UCL 2034


An accessible, publicly engaged organisation: review of progress

At UCL, we value collaboration, partnership and dialogue with our local community.

Our Public Engagement Unit, within the UCL Culture team, offers our students an education that helps them to become thoughtful, resilient and engaged citizens.

UCL Culture connects the university’s world-class researchers and collections with artists, performers and the public. They are home to the Grant Museum of Zoology, Octagon Gallery, Pathology Museum, Petrie Museum of Egyptian Archaeology and UCL Art Museum, as well as Jeremy Bentham’s famous auto-icon, the Bloomsbury Theatre and Public Art.

Through our continuing outreach work, we will ensure that a UCL education is open to all those who have the talent to study here, irrespective of background.

Simon Cane, Executive Director, UCL Culture

Case study: Public art at UCL

Wall with bronze caste hands of UCL doners
At the opening of the Student Centre in February 2019, UCL unveiled a new permanent sculpture by Turner Prize-winning artist Rachel Whiteread. Untitled (Slade Pinboard) is a cast of an historic noticeboard in the UCL Slade School of Fine Art. The piece directly connects the new building with the history and heritage of the Slade. Whiteread studied Sculpture at the Slade and was the first woman to be awarded the Turner Prize in 1993. Untitled is a significant addition to the university’s collection of work by female artists.

The Student Centre is also home to HERE NOT HERE, a new digital installation which livestreams UCL admissions data and simultaneously displays the countries that are represented and not represented at the university. This installation has been created by Jon Thomson, Professor of Fine Art at the UCL Slade School of Fine Art, and Alison Craighead, artist and lecturer at Goldsmiths University, known collectively as the collaborative duo Thomson & Craighead. Together they make artworks that looks at how our perception of the world is changing in the Information Age.

Another Slade alumna, Sarah Fortais produced a bespoke installation of more than 60 hands individually cast in bronze and aluminium that reach out into space above the Wilkins Terrace. Donor Wall is a striking celebration of the individuals and organisations that support UCL’s students and make our cutting-edge research possible.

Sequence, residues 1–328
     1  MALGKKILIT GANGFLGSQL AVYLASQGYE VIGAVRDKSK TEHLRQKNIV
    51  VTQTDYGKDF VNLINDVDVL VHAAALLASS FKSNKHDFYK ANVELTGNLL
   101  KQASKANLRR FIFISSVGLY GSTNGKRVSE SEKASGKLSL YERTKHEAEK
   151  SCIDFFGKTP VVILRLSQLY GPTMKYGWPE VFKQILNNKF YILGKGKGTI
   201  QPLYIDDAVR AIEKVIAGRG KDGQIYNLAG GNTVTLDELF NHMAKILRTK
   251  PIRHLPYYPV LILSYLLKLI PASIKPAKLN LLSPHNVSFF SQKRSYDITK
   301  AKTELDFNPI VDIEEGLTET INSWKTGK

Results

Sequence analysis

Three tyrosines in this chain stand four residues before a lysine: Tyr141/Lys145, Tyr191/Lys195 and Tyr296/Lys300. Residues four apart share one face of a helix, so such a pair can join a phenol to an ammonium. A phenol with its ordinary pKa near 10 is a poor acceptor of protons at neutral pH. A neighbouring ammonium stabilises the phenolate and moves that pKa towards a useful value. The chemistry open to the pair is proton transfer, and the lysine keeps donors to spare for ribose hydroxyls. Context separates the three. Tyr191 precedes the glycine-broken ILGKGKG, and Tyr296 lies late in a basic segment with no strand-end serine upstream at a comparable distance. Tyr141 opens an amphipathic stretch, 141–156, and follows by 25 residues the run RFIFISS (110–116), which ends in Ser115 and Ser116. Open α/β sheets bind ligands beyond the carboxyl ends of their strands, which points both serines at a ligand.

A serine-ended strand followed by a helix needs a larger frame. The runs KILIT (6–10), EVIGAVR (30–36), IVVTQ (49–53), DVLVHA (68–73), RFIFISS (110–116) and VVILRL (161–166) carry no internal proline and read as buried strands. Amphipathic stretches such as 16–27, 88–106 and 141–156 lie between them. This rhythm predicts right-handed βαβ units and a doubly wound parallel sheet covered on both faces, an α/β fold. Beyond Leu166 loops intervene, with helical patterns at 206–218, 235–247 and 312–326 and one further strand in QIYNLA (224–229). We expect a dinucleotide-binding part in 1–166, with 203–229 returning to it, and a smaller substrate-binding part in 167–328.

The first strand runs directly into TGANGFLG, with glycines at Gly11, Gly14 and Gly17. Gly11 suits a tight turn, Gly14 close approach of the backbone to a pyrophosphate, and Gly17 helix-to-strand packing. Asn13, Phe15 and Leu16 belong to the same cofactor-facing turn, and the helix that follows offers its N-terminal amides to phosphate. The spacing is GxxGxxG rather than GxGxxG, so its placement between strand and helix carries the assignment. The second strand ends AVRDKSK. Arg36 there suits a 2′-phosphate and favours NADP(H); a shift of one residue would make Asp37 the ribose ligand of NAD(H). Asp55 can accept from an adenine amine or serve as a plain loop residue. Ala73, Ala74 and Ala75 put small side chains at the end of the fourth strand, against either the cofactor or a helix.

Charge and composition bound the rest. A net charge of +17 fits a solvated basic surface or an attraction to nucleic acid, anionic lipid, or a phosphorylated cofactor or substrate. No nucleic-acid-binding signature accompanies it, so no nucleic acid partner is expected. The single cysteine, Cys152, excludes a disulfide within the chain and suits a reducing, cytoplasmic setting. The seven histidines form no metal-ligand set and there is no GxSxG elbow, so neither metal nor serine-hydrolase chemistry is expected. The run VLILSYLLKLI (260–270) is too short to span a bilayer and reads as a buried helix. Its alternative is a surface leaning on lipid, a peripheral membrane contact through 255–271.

Image: Sarah Fortais' Donor Wall - Photo by Hydar Dewachi

Links: UCL Culture/UCL Slade School of Fine Art/UCL Student Centre

Case study: Growing Community-University Partnerships

A participant from ‘Beyond Sight Within Grasp (Red, Yellow and Blue)’
The UCL Public Engagement Unit has funded knowledge exchange activities with communities in east London as part of UCL East – UCL’s future campus in Stratford, east London.

The Trellis programme of knowledge exchange has brought together UCL scientists and engineers with artists from or working in east London, to create four new installations on Queen Elizabeth Olympic Park in October 2019.

Artists and researchers worked together to create a free exhibition of sculptures, drawings and films, inspired by the history of the Lea Valley and the future of UCL East.

Located around the future site of the new campus, a new hub of discovery and co-creation, these installations offered an insight into the world of research, and a study in the creative process.

The aim of the Trellis programme is to discover how knowledge exchange activity between universities and communities can maximise impact for both parties and how partnerships can best be supported to flourish around our future campus at UCL East.

This long-term programme, supported by the Engineering and Physical Sciences Research Council (EPSRC), will continue throughout 2020 and will create opportunities to examine the shared ideas that emerge when an artist and a researcher are given space to develop their mutual interests.

Image: A participant from ‘Beyond Sight Within Grasp (Red, Yellow and Blue)’ who worked with Beyond Sight Loss, artist David Rickard and Professor Tony Kenyon on the art work.

Credit: Ondre Roach

Links: UCL Culture/Trellis Programme

Case study: Building robots inspired by nature 

Pupils at the Bio Inspired Robotics Workshop
UCL runs a free project for state schools in east London that gives young people the chance to learn about robotics, 3D printing and animal movement through a series of workshops delivered by UCL students and academics from four departments.

Bio-robotics and Animal Movement explores the links between robots, computer programming and animal movement and is inspired by today’s scientists and engineers who are drawing inspiration from the animal kingdom to create the next generation of robots.

The project runs over a term and includes a training session for teachers, an Animal Locomotion workshop at the Grant Museum of Zoology, a student-led tour of UCL, and a loan of a bio-inspired robotics kit with technical support from UCL students.

The project was recognised by the Ogden Trust, who have provided additional support to allow the team to extend their work with the Petchey Academy in Hackney and develop a robot inspired by the Grant Museum’s kangaroo skeleton.

Past pupils have showcased their work at a special science festival for the public, where they learnt more about STEM research directly from the UCL academics and students.

Links: UCL Culture/Bio-robotics/The Ogden Trust


Further information

Previous principal theme

Addressing global challenges


Next principal theme

London's Global University